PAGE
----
In accomplishing the aforementioned objects, a most basic embodiment of the present invention for a centrifugal dispensing apparatus for depositing volumes of flowable material onto a surface comprises a centrifugal dispensing drum with an open inner volume defined by an outer shell for retaining a volume of flowable material, an exit aperture in the outer shell of the centrifugal dispensing drum for allowing flowable material to pass therethrough by centrifugal force, and a drive shaft coupled to the centrifugal dispensing drum for enabling a rotation of the centrifugal dispensing drum. Under this arrangement, the centrifugal dispensing drum can dispense flowable material onto a surface by a rotation of the centrifugal dispensing drum while a volume of flowable material is retained therein.
Of course, flowable materials of a wide variety of types could be disposed in the open inner volume of the centrifugal dispensing drum. In preferred embodiments, the volume of flowable material will comprise a material demonstrating a long rheology wherein the flowable material exhibits stringy and web-like properties. Where such a material is employed, the volume of flowable material can advantageously form an elongate string of material emanating from the exit aperture for being applied to a surface. One material that is particularly preferable for use as the flowable material is a 100% polymer emulsion, which can be colorless or colored. A most preferred polymer emulsion comprises a clear tar gel polymer emulsion.
The centrifugal dispensing drum certainly can have a single, unitary open inner volume. In other embodiments, however, the open inner volume can be divided into first, second, and further separate open inner volumes with an exit aperture associated with each. With this, distinct volumes of flowable material can be retained in each of the first and second open inner volumes and dispensed from the first and second open inner volumes by centrifugal force during a rotation of the centrifugal dispensing drum.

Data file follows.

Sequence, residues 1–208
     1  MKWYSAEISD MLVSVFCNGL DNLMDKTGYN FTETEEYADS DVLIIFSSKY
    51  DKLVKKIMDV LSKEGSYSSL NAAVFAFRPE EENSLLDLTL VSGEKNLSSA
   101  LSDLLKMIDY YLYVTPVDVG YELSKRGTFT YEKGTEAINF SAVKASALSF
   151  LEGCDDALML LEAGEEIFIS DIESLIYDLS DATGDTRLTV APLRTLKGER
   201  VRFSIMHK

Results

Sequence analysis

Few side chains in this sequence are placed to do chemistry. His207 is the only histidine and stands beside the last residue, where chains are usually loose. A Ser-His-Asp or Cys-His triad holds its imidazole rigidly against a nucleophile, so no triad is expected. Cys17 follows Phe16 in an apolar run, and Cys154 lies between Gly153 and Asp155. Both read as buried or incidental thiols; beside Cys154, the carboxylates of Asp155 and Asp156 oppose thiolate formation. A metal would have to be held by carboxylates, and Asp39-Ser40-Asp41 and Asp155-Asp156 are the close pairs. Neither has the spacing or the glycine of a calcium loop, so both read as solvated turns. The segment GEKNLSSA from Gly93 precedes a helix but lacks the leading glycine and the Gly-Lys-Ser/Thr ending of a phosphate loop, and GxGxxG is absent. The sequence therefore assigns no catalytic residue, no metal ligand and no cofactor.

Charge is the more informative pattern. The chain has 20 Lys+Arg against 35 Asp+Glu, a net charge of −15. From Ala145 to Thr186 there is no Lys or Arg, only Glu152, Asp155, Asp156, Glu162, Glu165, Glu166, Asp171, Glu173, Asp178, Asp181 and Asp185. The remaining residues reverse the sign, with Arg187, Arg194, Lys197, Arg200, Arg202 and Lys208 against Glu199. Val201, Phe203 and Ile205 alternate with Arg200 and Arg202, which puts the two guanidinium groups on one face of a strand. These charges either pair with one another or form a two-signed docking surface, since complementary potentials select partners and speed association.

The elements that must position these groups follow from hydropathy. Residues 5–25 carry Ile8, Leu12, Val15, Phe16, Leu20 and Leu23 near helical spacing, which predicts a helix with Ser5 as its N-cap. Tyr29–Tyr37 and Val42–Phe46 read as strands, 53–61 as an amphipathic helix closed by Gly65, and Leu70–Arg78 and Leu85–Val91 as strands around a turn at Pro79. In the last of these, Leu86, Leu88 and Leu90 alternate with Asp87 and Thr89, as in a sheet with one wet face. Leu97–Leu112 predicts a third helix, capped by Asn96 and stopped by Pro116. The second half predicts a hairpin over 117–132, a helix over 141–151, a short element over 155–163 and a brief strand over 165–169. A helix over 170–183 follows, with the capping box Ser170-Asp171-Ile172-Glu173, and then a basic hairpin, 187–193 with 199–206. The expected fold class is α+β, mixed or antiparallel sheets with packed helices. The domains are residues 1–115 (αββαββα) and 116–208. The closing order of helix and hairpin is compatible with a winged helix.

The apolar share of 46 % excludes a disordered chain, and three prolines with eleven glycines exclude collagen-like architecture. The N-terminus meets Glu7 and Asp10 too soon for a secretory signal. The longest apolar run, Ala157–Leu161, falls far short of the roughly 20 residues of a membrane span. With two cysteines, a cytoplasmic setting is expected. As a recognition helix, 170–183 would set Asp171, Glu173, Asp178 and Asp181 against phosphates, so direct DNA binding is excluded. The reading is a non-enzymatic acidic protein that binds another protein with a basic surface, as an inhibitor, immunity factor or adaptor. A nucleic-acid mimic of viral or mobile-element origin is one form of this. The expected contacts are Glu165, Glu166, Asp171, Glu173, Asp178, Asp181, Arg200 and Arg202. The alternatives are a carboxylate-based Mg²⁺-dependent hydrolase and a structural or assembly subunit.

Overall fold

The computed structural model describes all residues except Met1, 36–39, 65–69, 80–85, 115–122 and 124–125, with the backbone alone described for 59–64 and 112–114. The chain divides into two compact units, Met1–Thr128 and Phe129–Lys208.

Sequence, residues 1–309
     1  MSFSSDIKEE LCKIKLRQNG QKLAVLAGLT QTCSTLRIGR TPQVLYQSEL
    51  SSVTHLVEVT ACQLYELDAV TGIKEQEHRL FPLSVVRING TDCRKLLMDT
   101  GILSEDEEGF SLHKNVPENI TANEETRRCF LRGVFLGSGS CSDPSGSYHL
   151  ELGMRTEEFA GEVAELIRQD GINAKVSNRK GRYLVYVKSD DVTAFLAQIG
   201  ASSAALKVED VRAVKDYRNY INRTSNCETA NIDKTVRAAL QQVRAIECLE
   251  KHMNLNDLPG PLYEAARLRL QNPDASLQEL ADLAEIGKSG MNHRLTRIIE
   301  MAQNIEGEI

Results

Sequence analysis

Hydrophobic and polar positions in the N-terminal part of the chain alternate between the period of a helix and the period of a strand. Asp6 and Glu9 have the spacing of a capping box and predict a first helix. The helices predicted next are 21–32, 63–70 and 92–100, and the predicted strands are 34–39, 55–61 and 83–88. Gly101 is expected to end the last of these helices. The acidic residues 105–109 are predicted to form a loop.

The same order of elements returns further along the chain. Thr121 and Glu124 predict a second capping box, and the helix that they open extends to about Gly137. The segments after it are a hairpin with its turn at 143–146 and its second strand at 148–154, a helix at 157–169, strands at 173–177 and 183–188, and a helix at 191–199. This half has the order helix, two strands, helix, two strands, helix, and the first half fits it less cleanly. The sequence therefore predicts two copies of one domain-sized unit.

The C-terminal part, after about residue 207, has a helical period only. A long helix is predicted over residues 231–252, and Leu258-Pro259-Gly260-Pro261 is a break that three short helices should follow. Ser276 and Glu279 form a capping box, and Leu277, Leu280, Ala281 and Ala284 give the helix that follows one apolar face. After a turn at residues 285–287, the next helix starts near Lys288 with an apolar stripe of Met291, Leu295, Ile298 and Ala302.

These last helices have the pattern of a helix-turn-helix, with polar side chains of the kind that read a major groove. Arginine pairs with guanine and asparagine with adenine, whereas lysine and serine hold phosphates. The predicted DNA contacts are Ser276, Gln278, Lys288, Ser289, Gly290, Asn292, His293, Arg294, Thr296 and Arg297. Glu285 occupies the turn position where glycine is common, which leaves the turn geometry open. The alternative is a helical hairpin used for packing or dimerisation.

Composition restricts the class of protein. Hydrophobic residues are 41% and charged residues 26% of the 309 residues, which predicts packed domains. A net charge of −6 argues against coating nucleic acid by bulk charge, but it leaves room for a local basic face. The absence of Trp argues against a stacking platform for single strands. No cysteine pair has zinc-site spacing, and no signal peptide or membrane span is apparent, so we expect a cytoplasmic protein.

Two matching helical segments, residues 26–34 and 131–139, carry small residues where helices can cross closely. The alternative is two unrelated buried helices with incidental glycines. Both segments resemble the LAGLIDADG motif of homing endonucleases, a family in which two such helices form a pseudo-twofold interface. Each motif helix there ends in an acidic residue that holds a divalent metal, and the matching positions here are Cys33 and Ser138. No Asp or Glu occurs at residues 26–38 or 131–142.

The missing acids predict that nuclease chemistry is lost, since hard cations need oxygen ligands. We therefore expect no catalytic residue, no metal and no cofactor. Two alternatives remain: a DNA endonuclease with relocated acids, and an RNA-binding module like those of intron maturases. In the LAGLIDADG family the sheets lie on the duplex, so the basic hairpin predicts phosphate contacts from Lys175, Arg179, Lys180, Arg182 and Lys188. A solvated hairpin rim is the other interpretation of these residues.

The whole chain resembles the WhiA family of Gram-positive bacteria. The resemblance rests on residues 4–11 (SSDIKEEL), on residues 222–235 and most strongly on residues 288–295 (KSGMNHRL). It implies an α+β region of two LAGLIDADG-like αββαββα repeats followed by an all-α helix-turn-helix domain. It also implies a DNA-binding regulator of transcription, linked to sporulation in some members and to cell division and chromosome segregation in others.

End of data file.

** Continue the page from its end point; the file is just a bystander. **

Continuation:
A driving arrangement for rotating the centrifugal dispensing drum can take the form of a power drill with a handle portion, an activating trigger, and a drill chuck for drivably engaging the drive shaft and the centrifugal dispensing drum. Alternatively, the driving arrangement can take the form of an integral driving arrangement that comprises a single unit with the centrifugal dispensing drum.
In certain embodiments, the centrifugal dispensing drum can further incorporate a means for sealing off the exit aperture in a directionally sensitive manner. With such a means provided, flowable material can be prevented from being emitted in unintended directions and the flowable material can be directed onto a surface. The means could, of course, take a number of forms. In one preferred case, the means comprises a cam operated plunger arrangement for sealing off the exit aperture during at least one given segment of a rotation of the centrifugal dispensing drum and for leaving the exit aperture unsealed during at least one remaining segment of the rotation of the centrifugal dispensing drum. The cam can have a surface with at least one narrowed portion and at least one widened portion, and the plunger can have a first end with a follower for traveling over at least part of the surface of the cam and a second end with a plug for sealing off the exit aperture of the centrifugal dispensing drum when the follower of the plunger travels over a widened portion of the cam. The cam can be fixed relative to the driving arrangement while the plunger can rotate with the centrifugal dispensing drum.
Where necessary or desirable, the centrifugal dispensing apparatus can further incorporate a feeding tube for supplying flowable material to the open inner volume of the centrifugal dispensing drum. This supply can be achieved by providing an annular open ring in the centrifugal dispensing drum and having a distal end of the feeding tube disposed through that annular open ring and into the open inner volume of the centrifugal dispensing drum. With this, flowable material can be introduced into the open inner volume even during rotation of the centrifugal dispensing drum.